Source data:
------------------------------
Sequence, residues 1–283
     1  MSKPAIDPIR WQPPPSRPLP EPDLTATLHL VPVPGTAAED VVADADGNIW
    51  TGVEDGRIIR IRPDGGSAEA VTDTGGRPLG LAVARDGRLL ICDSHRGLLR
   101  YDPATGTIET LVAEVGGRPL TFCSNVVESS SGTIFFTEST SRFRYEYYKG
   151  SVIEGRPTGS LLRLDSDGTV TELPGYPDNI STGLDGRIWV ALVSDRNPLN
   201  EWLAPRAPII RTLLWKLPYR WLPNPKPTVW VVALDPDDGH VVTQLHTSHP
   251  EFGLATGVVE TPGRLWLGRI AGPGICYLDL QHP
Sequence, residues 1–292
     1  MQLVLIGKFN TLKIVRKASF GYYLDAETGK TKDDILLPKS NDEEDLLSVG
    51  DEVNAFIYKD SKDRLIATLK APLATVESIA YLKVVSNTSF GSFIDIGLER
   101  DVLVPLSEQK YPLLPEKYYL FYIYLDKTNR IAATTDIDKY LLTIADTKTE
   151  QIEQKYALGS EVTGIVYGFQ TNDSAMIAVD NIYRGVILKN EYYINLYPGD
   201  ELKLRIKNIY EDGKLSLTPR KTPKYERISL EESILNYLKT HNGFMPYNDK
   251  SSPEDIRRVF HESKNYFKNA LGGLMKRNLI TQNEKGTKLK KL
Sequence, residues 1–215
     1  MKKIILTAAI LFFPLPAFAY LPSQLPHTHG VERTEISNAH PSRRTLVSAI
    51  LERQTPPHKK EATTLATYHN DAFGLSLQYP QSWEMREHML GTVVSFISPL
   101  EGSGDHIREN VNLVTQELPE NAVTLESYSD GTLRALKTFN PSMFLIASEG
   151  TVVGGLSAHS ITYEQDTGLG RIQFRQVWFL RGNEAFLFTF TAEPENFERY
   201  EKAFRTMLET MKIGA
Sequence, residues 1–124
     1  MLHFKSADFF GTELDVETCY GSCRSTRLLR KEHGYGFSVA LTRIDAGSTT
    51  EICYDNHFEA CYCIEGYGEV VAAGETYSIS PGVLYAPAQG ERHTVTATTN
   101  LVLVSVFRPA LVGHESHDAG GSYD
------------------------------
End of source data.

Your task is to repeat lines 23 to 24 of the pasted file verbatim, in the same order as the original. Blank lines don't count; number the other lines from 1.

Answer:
    51  EICYDNHFEA CYCIEGYGEV VAAGETYSIS PGVLYAPAQG ERHTVTATTN
   101  LVLVSVFRPA LVGHESHDAG GSYD